Increasing the GST is more popular than increasing fuel excise by CPI indexation, according to the Fairfax/Nielsen post-budget poll - and increasing the GST certainly isn't popular.
Yet reintroducing excise indexation is one of the sound and reasonable measures in Joe Hockey's first budget. Some might think it's one of the few sound and reasonable measures.
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Budget: More politics than economics
Joe Hockey is putting his political cycle ahead of the needs of the economic cycle. Michael Pascoe comments.
The majority of the population disagrees with 72 per cent against the change and only 25 per cent supporting it. Increasing the GST scored 66 per cent opposing, 30 supporting. By comparison, the population is more evenly divided over the centrepieces of the coalition's election tax policy (aside from no new taxes). Abolishing the carbon tax is supported by 49 per cent and opposed by 46 per cent. For the mining tax, only 37 per cent want it abolished while 56 want it kept.
Excise indexation gets a bad rap because of its supposedly regressive nature – the idea that the less-well-off spend proportionately more of their income on fuel than do the well off – but mainly because most of us buy fuel and don't like the idea of it becoming more expensive. Crikey's Bernard Keane was one of the few voices raised in favour of indexation before the budget:
"It also shows the Coalition has come a long way, not merely from the Howard era when indexation was abandoned, but from the petrol price scare campaign it launched in the early days of the Rudd government -- although at least that produced one of Brendan Nelson's (unintentionally) funniest speeches.
"That the Abbott government plans to restore the indexation of the petrol excise is being rumoured and reported on in the media ahead of Tuesday's budget. There's a strong case for higher petrol excise. Ignore the rentseekers of the NRMA and Australian Automobile Association -- the current ~$15 billion per annum in excise revenue does not cover the costs that motorists inflict on the community, which include not just road building and maintenance but congestion costs, which are currently around $15 billion a year alone and predicted to reach $20 billion per annum by 2020.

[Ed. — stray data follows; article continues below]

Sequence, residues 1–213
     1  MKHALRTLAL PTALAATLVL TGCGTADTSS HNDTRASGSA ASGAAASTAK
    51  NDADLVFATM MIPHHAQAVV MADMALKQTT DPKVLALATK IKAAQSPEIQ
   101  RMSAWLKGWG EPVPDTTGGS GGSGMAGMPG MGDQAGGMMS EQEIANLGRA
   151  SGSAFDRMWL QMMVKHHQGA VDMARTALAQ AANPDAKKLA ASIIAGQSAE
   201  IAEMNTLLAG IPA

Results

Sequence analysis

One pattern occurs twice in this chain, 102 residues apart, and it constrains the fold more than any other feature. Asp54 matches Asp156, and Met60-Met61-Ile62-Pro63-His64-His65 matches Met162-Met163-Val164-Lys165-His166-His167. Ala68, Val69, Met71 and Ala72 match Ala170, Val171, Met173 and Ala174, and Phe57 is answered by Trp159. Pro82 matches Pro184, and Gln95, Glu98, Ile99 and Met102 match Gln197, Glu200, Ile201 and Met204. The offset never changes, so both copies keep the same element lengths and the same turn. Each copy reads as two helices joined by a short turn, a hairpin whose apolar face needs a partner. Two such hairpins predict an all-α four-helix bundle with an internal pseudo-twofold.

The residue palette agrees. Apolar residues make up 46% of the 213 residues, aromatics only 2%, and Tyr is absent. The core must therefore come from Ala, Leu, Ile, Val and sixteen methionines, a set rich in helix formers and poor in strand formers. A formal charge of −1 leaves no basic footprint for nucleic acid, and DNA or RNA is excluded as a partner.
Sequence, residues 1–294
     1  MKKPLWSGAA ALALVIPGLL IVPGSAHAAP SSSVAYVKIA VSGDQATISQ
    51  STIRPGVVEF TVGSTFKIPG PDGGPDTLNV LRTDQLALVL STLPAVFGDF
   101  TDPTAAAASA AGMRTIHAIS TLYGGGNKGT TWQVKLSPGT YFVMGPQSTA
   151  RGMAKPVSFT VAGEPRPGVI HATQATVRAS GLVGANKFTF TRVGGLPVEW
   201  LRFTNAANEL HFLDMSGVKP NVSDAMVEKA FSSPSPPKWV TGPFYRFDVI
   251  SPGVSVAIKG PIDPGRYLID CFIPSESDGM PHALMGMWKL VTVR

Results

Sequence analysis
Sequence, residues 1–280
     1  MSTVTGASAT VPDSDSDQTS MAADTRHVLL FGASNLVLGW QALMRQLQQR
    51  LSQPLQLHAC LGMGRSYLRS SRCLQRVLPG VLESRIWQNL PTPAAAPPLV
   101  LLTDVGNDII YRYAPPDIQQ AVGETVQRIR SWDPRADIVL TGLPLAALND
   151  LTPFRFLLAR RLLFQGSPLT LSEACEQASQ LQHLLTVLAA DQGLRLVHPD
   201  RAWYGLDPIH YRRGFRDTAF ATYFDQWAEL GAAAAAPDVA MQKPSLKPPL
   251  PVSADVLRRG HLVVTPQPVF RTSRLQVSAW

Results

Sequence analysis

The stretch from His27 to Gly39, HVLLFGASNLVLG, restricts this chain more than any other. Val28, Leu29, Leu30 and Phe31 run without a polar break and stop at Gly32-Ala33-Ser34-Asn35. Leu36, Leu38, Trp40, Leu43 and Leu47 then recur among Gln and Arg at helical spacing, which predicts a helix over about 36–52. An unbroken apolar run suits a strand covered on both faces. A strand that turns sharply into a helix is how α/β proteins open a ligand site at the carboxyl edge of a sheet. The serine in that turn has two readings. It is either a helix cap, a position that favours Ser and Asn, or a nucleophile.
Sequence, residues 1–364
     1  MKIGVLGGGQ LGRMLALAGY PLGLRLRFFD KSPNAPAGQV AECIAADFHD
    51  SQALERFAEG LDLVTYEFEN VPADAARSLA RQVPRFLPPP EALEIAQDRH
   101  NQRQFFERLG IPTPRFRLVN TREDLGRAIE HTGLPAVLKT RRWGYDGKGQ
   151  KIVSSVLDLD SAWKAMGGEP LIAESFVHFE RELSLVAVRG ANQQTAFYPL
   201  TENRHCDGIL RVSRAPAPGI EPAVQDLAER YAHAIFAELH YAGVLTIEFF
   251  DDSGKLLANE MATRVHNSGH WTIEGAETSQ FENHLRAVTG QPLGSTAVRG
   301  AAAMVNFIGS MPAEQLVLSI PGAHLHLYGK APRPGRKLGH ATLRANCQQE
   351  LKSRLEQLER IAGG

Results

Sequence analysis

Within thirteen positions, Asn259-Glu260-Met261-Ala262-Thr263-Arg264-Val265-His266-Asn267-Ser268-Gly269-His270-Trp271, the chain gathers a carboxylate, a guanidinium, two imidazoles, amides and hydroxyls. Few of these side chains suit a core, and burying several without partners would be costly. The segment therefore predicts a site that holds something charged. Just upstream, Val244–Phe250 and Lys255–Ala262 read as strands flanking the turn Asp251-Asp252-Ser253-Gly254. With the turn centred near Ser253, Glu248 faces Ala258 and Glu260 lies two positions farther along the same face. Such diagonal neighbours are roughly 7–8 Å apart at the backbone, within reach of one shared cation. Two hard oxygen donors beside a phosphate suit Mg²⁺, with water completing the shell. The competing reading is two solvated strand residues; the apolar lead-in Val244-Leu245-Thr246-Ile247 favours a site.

"Moreover, higher petrol excise will function as a de facto carbon price: based on 2008 CSIRO figures, a 10 cent per litre increase would be equivalent to a carbon price of $40 a tonne (2008 prices). This is considerably braver than the Gillard government managed -- it refused to place the carbon price on petrol and would only have levied it on heavy vehicles from July 1 this year. So full credit to the Coalition for being prepared to implement a carbon pricing measure even Labor and the Greens didn't want.
"Restoring indexation won't help the immediate return to surplus, but the treasurers of later this decade and the 2020s will benefit from billions in extra revenue as a consequence -- just as all now rue the freezing of indexation 13 years ago."
My suspicion is that there's more than a little hypocrisy in the opposition – Labor is opposing excise indexation, but will be secretly happy that the Greens are going to let it through the Senate. Similarly, the Greens are opposing the deficit tax on the top income bracket, but will be secretly happy that Labor is letting it through. Such be politics.
For the reasons sketched by Keane, indexing fuel excise is reasonable policy, but Hockey and Abbott are unable to sell it effectively because it would mean admitting that Australia has a revenue problem as well as a spending problem. That wasn't part of their chanting against the Labor Government.
Wake up folks – our demographics mean we do need to raise more revenue down the track as the dependency ratio of workers to non-workers shrinks. And the inherent carbon pricing and user-pays principle in a fuel tax aren't bad ideas – just don't expect Smokin' Joe to admit that.
Somewhat similarly, changing the indexation mechanism for pensions is reasonable given the demographic realities on the horizon. CPI indexing maintains pension spending power – future pensioners will be able to buy the same amount of stuff that they do now. There's nothing wrong with increases above that being a political call from time to time based on the nation's ability to pay. The growing grey army will have a loud enough voice to be heard if it feels it's slipping too far behind community standards.
However, pension changes only make sense if they're accompanied by some serious complementary superannuation reform, but the government doesn't want to scare the horses about that, or offend its biggest supporters. The lack of stomach for making reforms where they're needed most – in the blown-out tax expenditures – is the worst part of the budget. It's hard to imagine the government growing backbone about those closer to the election.
As it stands, Hockey and Abbott are trying to meld a political cycle with an election cycle. The result is a vehicle with wobbly wheels and dubious steering.
Michael Pascoe is a BusinessDay contributing editor.